Being asked to write a reflective remembrance article, just four days before the end of my six-month tour as the senior chaplain for ROTO 12 (the 12th rotation of troops for the task force in Bosnia and Herzegovina , known as Operation Palladium) seemed like such a normal part of the experience here. I said yes; and now, after a night of four emergency calls, here I sit at 0530 hrs. I have finished my morning prayers in the chapel, and now I ask myself, “What can I share with my Anglican family that may help us be better Christians for having remembered?”
Do you ever remember lining up and having a finger of authority pointed at you, singling you out and making you feel uncomfortable? This is the experience that, in part, led to my being here on ROTO 12.
At the Havelock , N.B., Legion Branch #86, I was lined up with other military and former military members, and with a wave of the branch president’s hand, we were introduced to those gathered as The Veterans. Despite my having served in the military Reserve Forces for 18 years, I did not feel like a veteran.
Indeed, I have pondered the question “Can anyone be a veteran after the Second World War?” I think that is because I had locked my mind into the idea that nothing bad had happened in the 59 years since D-Day. Although I know that this is not the case, I wanted to believe it. Despite seeing the bombed out shells of skyscrapers in Sarajevo, the miles and miles of destroyed, abandoned, bullet-ridden, blood red brick villages in Croatia, and Bosnia-Herzegovina, the mass graves, the stories of people who only escaped with their lives, and those who didn’t, I still want to believe that nothing bad happened. Despite the arrest of criminal and political leaders, the random shots at the camp, the minefields, the deaths, I still want to believe that all people are perfect and good.
Here in Bosnia-Herzegovina, as in many other places around the world, young men and women of our Canadian Forces risk their lives daily in peace support operations. Here they go door to door searching for hidden weapons, because there are still too many weapons and too much ordnance in the hands of the local populations. (Not unlike what happened in defeated countries after the Second World War.) The collection is done because in this peace support operation, we do not want people killing themselves or others. So far the ammunition collected could fill eight football fields to a height of four metres.
All of this tells us why it is important to remember. We must remember because all people can be selfish and self-centered and power hungry.
The lectionary lesson, from Haggai 1:3-9, on the day I write this reflects this.
Then the word of the Lord came by Haggai the prophet, saying, “Is it time for you yourselves to dwell in your paneled houses while this house (lies) desolate?” Now therefore, thus says the Lord of hosts, “Consider your ways! You have sown much, but harvest little; (you) eat, but (there is) not (enough) to be satisfied; (you) drink, but (there is) not (enough) to become drunk; (you) put on clothing, but no one is warm (enough;) and he who earns, earns wages (to put) into a purse with holes.”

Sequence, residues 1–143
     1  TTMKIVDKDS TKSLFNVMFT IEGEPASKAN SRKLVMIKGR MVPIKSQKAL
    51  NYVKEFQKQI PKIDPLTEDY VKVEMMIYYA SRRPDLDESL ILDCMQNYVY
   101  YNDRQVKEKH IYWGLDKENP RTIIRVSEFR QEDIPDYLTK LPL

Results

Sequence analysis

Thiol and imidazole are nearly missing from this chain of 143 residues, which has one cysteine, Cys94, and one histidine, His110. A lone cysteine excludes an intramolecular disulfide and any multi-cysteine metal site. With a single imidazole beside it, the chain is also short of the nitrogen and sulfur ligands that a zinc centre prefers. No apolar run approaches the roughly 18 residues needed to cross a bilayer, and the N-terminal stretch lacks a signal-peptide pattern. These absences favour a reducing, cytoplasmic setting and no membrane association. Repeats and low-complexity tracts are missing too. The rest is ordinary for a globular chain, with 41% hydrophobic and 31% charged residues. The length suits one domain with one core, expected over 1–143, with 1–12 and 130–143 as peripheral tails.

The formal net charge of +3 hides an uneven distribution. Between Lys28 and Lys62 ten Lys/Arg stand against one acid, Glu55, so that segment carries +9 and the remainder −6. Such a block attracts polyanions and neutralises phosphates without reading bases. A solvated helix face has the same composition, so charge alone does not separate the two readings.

Thus says the Lord of hosts, “Consider your ways! Go up to the mountains, bring wood and rebuild the temple, that I may be pleased with it and be glorified,” says the Lord. “(You) look for much, but behold, (it comes) to little; when you bring (it) home, I blow it (away.) Why?” declares the Lord of hosts, “Because of My house which (lies) desolate, while each of you runs to his own house.”
We must remember so we might perhaps learn to forget to be selfish.
More than a million and a half Canadians have served overseas in war, and on peacekeeping duties, in order to preserve the gifts of freedom and peace for future generations. More than 100,000 of those Canadians never came home. Every year we pause at the 11th hour, of the 11th day, of the 11th month to pay tribute to their memory, and also homage to all those who did return home, their lives, and the lives of their families, forever changed.
We must remember so the world might continue to strive to share God’s gifts of compassion and love. We must remember because our own sinful hearts are often the heart of the problems that prevent such sharing. We must remember because we each can be changed, both from within and from without, just as the love and support of the people of the world has helped to transform our enemies of old conflicts into today’s partners for peace.
The outpouring of the love and gratitude by the people of Normandy and western Europe upon our veterans and their families demonstrates that their gifts of valour and sacrifice are still valued, and this is my prayer for the future of Bosnia-Herzegovina, and for all the regions of the world that are still torn apart by hatred, fear and war.
We must remember so that we can continue to dedicate ourselves to support one another in the hope for, and pursuit of peace: peace in our own lives, and in our communities, and peace throughout God’s world.
Padre Jagoe is a reserve Anglican chaplain from the diocese of Fredericton . He is the senior brigade chaplain for 37 Canadian Brigade Group (a reserve brigade group that is headquartered in Moncton , N.B.).